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Welcome to the Mom & Mind Podcast!

This podcast focuses on the Maternal Mental Health struggles related to becoming pregnant, being pregnant, birth and early parenthood. We talk about all of the stuff that you wish someone would have told you BEFORE you tried to be pregnant or have a baby. Postpartum depression is only part of the story.

The goal of this podcast to put all of this info out in the open. There’s no need to hide these very human experiences…so many people deal with these struggles. So, the podcast provides real life stories of moms, dads and family AND we will talk with experts, leaders and advocates in the field of maternal mental health and maternal health. You deserve to be informed!!!!

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Jan 7, 2019

Sometimes traumas occur that aren’t discussed or supported in the ways they should be. It takes some brave soul to forge the path in changing the narrative for those who follow. Today’s show is an important conversation of a personal story of egg donation, what can go wrong, and the emotional trauma that might follow. 

Meghan Coltrane is a Licensed Professional Counselor in perinatal mood and anxiety disorder. Her private practice is in Asheville, NC. She’s here to share her personal experience of being an egg donor, which led her into the field of perinatal emotional health. I’m putting a sensitivity notice on this episode for anyone who has experienced obstetrical complications or trauma related to a procedure. This kind of complication is very rare, but it CAN happen, so we want to bring awareness to it and learn, understand, and support people through all aspects of their reproductive and mental health.

Show Highlights:

  • Meghan’s rare complications are an uncommon experience in egg donation
  • When she was 25, she applied to be an egg donor and went through the required testing
  • Within days of being approved, two different couples had chosen her as their egg donor and she prepared for her next cycle with the necessary medications and many ultrasounds
  • Who needs an egg donor? Any couple seeking to do IVF without their own viable eggs
  • 20 eggs were retrieved during the procedure and her mother drove her home to rest, with her plan being to return to work the next day
  • She tried to sleep, then woke up, and fainted on her way to the bathroom
  • The on-call nurse told her to drink more water
  • She went back to sleep, but kept waking up with increasing abdominal pain; it became sharp, like nothing she’d ever felt before
  • The on-call nurse prescribed Tylenol with codeine
  • Later, her roommate took her to the ER, where she was given IV fluids and was admitted for 3 days
  • The diagnosis was ovarian torsion, in which the ovaries were twisting on themselves and severe bleeding was occurring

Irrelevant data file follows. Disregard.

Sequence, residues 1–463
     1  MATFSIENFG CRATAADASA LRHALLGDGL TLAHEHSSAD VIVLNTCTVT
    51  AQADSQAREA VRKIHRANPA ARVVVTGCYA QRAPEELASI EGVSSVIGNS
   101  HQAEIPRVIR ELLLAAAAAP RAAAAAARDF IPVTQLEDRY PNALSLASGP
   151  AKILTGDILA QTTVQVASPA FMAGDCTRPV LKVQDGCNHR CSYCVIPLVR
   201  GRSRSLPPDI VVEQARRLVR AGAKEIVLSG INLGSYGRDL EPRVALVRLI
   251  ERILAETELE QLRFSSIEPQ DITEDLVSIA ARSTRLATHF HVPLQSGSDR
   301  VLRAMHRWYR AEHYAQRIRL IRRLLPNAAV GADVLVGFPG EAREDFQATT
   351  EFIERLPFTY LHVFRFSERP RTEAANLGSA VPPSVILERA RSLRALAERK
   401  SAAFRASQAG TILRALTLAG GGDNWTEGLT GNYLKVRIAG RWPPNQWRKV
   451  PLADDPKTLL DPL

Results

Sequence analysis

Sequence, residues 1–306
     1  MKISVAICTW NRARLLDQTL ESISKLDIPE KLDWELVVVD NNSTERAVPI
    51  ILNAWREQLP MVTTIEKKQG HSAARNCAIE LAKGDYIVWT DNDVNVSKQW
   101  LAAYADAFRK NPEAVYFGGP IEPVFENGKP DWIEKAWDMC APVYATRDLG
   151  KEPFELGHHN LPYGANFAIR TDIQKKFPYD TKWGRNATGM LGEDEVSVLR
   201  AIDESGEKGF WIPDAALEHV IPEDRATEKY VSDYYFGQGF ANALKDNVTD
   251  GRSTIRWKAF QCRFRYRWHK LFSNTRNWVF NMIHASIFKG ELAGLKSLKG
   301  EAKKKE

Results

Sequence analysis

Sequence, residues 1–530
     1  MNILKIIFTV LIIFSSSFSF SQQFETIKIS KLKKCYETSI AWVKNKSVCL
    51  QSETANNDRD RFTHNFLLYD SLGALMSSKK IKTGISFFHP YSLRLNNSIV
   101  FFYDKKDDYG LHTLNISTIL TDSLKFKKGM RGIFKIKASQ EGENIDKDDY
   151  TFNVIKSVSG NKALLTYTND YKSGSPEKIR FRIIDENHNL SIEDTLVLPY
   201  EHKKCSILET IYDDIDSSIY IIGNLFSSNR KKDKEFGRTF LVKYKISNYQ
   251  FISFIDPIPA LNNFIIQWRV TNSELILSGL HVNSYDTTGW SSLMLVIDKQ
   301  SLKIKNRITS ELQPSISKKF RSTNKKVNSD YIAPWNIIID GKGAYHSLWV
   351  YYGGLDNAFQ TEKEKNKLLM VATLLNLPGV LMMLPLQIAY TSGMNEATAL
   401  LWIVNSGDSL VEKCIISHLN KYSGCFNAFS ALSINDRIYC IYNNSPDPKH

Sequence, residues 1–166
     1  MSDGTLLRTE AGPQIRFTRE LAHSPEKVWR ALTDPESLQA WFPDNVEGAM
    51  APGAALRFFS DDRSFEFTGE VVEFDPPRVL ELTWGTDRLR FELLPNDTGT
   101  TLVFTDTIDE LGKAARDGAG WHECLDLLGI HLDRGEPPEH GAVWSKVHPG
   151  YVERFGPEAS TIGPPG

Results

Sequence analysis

• Throughout her hospital stay, her caregivers were always on guard for the need for emergency surgery, which would have meant the removal of her ovaries
  • After her discharge, she visited 6 different doctors and began having anxiety, terrors, and emotional issues
  • Her physical recovery took 1-2 weeks, but the emotional healing took much longer
  • Meghan was anxious, terrified, scared, and filled with irrational fears and repeated nightmares
  • Her body responded as though she had been through a sexual assault, with her even being terrified of every man she came into contact with
  • Why she hunkered down and shut everyone out of her life
  • She had no energy, was exhausted, and lost a lot of weight
  • She saw her therapist and went to Yoga for Trauma classes
  • She saw a psychiatrist for medication to help her eat and sleep
  • During the first year, she threw herself into self-healing and did TRE (trauma releasing exercises) and EMDR (Eye Movement Desensitization and Reprocessing) with her primary therapist
  • The fertility clinic kept calling, asking her to donate again, even though she had told them she was done
  • Why she felt treated “like a machine that gave them their product”
  • There was no discussion about the hormonal effects or the possible mental effects of the process or the risks
  • Meghan’s desire is not to discourage egg donation, but to encourage trauma-informed care
  • How Meghan has started doing trauma-informed care training
  • How she wouldn’t do it again, but gained a lot of insight in how to care for herself and set boundaries
  • The financial benefits of egg donation, taxes, and why it’s not worth it
  • Her official diagnosis: anxiety, depression, and PTSD
  • What Meghan wants others to know about this process and the impact on perinatal mental health
  • Meghan’s advice: “Be open to healing and surround yourself with those who respect your boundaries.”